Industrial oven

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Industrial convection oven used in the manufacture of aircraft components. Heating is by gas-fired heat exchanger; fully automated control system holds air temperature within 2°F.
Industrial "Zanolli" double hearth deck oven (left) and "Sveba-Dahlen" rotary rack oven (right) at the Faculty of Food Technology, Latvia University of Agriculture bakery

Industrial ovens are heated chambers used for a variety of industrial applications, including drying, curing, or baking components, parts or final products. Industrial ovens can be used for large or small volume applications, in batches or continuously with a conveyor line, and a variety of temperature ranges, sizes and configurations.

Such ovens are used in many different applications, including chemical processing, food production, and even in the electronics industry, where circuit boards are run through a conveyor oven to attach surface mount components.

Some common types of industrial ovens include:

  • Curing ovens – Designed to cause a chemical reaction in a substance once a specific temperature is reached. Powder coating is one common curing oven use.
  • Drying ovens – Designed to remove moisture. Typical applications are pre-treating and painting. Such ovens are also sometimes known as kilns, though they do not reach the same high temperatures as are used in ceramic kilns.
  • Baking ovens – Combines the function of curing and drying ovens.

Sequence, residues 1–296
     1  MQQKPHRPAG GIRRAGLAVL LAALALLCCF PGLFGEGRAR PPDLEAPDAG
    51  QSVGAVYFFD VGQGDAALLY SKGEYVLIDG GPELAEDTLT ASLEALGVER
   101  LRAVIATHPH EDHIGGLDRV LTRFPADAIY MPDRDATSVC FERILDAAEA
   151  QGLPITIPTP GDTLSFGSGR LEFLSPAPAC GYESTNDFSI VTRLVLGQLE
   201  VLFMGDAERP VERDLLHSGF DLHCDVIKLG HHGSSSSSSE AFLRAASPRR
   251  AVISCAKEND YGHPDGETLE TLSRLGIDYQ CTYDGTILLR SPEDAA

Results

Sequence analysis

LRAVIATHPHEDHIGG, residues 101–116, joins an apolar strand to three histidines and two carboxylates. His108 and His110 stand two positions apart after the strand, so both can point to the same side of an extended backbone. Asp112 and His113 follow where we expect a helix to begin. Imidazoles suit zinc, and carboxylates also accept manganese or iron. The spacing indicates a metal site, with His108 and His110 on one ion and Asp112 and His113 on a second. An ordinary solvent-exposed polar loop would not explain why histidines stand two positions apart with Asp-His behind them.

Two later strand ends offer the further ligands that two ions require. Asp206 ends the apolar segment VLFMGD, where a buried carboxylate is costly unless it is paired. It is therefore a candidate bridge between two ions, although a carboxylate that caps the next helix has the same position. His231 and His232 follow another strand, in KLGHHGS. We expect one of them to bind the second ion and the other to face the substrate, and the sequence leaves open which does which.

• Reflow Ovens – A reflow oven is a machine used primarily for reflow soldering of surface mount electronic components to printed circuit boards (PCB).
    A graphical example of a convection reflow oven.
    The oven contains multiple zones, which can be individually controlled for temperature. Generally there are several heating zones followed by one or more cooling zones. The PCB moves through the oven on a conveyor belt, and is therefore subjected to a controlled time-temperature profile.
  • Batch ovens – Also called cabinet or Walk-in/Truck-in ovens, batch ovens allow for curing, drying or baking in small batches using wheeled racks, carts or trucks. Ovens such as this are often found in large-volume bakeries in places such as supermarkets.
  • Conveyor or Continuous Ovens – Typically part of an automated conveyor processing line, conveyor ovens allow for higher volume processing.
  • Clean room ovens – Designed for applications requiring a cleanroom, such as a semiconductor manufacturing or biotechnology processes.

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